But the AI matters a lot less if you're playing Mario Kart 8 with friends, which is when it's at its best. In typical Nintendo fashion, Mario Kart 8 shines as a local multiplayer game and conjures up the best of the old days, not just for its nostalgia but because it's equal parts accessible and deep. While more experienced players can perfect the timing on a turbo start or getting turns just right to execute turbo drifts, more casual players can have just as much fun and even win some races without using those or other techniques. Being married to a "non-gamer," there aren't many titles in my collection that my wife, her best friend and my brother-in-law can all play when they come over, but Mario Kart 8 fits the bill nicely.
With 16 new courses complementing 16 retro ones, hang-gliding and gravity defying mechanics, Mario Kart 8 truly feels like a perfect mix of the old and the new. It also doesn't hurt that it's one of the prettiest Wii U games made to date. I fell in love with it at first sight back at E3 2013, and it's certainly a keeper. Mario Kart 8 was the first game in a series of highly polished efforts, including Super Smash Bros. and the more recent Captain Toad: Treasure Tracker, that's finally breathing some life into the Wii U platform. Let's hope the trend continues.
Dan Pearson - Endless Legend
I know what I wanted to be writing here, and that's Civilisation Beyond Earth. I've poured countless hours into the franchise over the years, in all of its variations, but BE left me cold. It feels...disconnected, superficial. Roll on the inevitable DLC fix. In its place, scratching my never-ending 4X itch, it has to be Endless Legend, a gorgeous new take on the genre from Amplitude, a studio with an enviably varied output which still maintains an undeniably consistent thread of quality and freshness.
Endless Legend was also the first game I ever bought on Early Access, and is still the game which I feel has dealt with it best. A skillful, gradual implementation of its systems managed to make it never feel like a broken game, merely an unfinished one, and the final product fulfills all of its promises. In short, it's exactly what I'd hoped the new Civ might be.
It's not an easy choice, though. Hours-wise, I'd say it's a close run thing between Dragon Age: Inquisition and Dark Souls 2, which I've clocked something like 70 hours of each. That's not to say they're just time-sinks, either, both are huge, beautiful worlds which act as neat parentheses for the spectrum of what I love about RPGs.
I'd also echo Brendan's thoughts on Valiant Hearts very closely, mostly because it actually made me cry. (Albeit only when a dog died, not any of the countless humans.) In addition, I'd urge you to check out Beeswing, a beautiful, sad indie game about mortality, discovery and Scotland which may well grow to be one of my favourites. Finally, a special mention for Darkest Dungeon by Redhook Studios. Still in progress, this IGF entrant is undoubtedly the most original game I played all year, despite being in that hoariest of genres, the dungeon crawler. Keep an eye out for it on Steam Greenlight in February.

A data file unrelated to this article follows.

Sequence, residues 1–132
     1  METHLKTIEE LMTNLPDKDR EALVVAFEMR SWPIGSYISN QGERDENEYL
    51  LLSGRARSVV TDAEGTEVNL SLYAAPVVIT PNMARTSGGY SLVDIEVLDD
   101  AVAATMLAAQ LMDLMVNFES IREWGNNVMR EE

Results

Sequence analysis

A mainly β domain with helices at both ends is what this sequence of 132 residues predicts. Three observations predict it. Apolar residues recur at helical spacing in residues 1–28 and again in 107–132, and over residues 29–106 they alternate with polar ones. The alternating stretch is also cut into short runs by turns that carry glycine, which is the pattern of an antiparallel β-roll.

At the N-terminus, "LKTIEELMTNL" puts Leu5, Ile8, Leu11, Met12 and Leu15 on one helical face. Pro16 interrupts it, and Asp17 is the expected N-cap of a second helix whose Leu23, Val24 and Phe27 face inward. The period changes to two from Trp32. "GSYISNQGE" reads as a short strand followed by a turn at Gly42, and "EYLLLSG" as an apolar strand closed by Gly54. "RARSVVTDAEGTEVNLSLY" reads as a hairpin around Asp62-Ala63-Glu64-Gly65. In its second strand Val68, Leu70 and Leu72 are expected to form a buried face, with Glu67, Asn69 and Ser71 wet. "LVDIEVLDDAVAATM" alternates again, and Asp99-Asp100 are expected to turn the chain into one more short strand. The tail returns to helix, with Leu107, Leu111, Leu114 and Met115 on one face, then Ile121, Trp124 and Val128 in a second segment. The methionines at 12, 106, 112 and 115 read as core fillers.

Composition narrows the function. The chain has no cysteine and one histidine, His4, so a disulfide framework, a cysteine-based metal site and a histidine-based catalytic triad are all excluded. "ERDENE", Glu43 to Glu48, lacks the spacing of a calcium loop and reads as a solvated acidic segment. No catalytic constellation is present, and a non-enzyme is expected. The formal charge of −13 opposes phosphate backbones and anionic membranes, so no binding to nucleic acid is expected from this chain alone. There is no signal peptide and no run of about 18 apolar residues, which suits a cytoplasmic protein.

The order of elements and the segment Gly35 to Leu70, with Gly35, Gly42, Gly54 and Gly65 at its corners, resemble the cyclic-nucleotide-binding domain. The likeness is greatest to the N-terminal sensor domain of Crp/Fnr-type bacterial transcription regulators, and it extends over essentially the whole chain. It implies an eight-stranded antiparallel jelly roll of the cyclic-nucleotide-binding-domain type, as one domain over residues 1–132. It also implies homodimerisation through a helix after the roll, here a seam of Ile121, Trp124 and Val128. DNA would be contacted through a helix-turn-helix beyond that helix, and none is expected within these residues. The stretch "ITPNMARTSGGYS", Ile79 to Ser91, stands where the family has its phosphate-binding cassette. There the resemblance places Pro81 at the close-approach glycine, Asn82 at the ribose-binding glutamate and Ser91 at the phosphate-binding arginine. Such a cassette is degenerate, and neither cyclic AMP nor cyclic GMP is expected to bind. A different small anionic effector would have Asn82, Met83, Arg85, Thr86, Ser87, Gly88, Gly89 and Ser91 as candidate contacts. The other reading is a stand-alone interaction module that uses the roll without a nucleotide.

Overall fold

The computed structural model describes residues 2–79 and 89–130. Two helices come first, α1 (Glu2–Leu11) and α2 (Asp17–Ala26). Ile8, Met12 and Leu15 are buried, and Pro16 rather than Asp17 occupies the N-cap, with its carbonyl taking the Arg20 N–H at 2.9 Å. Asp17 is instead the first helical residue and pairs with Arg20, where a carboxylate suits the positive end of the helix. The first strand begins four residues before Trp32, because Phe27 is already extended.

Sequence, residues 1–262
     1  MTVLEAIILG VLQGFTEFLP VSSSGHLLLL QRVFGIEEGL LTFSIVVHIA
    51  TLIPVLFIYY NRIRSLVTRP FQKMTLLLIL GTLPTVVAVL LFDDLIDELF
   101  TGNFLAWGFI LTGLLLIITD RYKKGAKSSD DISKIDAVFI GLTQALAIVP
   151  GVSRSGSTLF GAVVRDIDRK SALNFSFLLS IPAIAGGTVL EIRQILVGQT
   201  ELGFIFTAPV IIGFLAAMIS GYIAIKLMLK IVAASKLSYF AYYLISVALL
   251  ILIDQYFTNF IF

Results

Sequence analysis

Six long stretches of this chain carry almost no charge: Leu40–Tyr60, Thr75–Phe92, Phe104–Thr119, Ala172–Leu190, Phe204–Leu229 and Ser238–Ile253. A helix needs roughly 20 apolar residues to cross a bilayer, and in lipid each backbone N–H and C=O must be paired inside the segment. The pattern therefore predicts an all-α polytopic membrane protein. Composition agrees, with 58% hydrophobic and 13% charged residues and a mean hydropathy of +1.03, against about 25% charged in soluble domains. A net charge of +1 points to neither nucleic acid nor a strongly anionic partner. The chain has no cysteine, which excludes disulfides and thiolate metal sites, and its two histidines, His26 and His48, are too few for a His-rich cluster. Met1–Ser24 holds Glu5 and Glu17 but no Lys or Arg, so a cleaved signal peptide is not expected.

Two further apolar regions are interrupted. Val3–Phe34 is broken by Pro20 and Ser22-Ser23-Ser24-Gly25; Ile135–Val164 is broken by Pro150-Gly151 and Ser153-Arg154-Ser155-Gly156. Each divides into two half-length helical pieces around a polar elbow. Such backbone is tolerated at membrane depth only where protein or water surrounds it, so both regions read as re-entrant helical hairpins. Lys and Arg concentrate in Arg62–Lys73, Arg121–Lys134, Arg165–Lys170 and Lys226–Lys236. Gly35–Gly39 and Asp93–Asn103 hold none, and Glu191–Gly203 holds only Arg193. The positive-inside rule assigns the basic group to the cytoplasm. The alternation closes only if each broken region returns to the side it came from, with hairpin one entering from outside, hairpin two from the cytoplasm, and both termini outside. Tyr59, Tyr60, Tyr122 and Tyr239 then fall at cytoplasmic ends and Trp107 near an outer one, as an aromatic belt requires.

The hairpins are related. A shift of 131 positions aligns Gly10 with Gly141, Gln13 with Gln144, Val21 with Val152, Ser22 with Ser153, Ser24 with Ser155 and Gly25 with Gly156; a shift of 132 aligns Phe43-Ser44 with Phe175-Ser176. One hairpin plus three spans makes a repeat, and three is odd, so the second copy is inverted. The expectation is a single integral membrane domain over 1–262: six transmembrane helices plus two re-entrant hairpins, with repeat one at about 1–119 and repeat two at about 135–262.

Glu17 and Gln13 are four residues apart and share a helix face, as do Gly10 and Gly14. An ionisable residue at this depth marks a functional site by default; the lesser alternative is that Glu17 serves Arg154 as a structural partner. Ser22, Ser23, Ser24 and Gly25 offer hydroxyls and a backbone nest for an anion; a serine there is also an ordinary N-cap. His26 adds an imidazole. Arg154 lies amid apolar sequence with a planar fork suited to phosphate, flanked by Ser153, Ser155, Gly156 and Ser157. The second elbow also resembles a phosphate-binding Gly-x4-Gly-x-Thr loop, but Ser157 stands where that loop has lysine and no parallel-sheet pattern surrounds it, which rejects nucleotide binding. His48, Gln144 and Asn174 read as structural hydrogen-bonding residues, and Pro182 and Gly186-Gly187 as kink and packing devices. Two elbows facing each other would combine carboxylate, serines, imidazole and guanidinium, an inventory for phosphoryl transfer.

Matthew Handrahan - Alien: Isolation
If you'd asked me this question a few months ago I would have said, without hesitation, that Dragon Age: Inquisition would be my game of the year. Indeed, the notion that EA BioWare's attempt to right the perceived wrongs of Dragon Age 2 would be anything less than stellar had never crossed my mind, and if by some small chance it disappointed there was always Far Cry 4. I certainly hadn't contemplated that I'd find both games guilty of the same basic crimes: bloat, feature overload, graphics and grandeur prioritised over focus and meaningful creative progress. Don't get me wrong, these are finely crafted games relative to their ambitions, but when it comes to a GOTY I demand a little more spark, and a great deal more invention.
I was on the cusp of just picking GTA V again, and then I played Alien: Isolation and suddenly the choice was simple. From the moment the 20th Century Fox logo appears - artfully distressed so the image resembles a well-worn VHS tape - it's clear that The Creative Assembly has thought long and hard about where pretty much every studio to tackle this storied IP has gone wrong, and followed its conclusions wherever they led. The resulting game features one of the most darkly beautiful environments I've ever explored, stalked the entire time by one of the most memorable antagonists. Alien: Isolation is, without doubt, the most distinctive AAA release of the year, replete with the sort of bold artistic choices that have all but deserted its competitors.
Now, in the spirit of Ridley Scott's penchant for Director's Cuts, I only ask that The Creative Assembly excise maybe five hours of Alien: Isolation's overly generous length. Do that, and this will be not just one of the games of the year, but one of the best releases of the decade.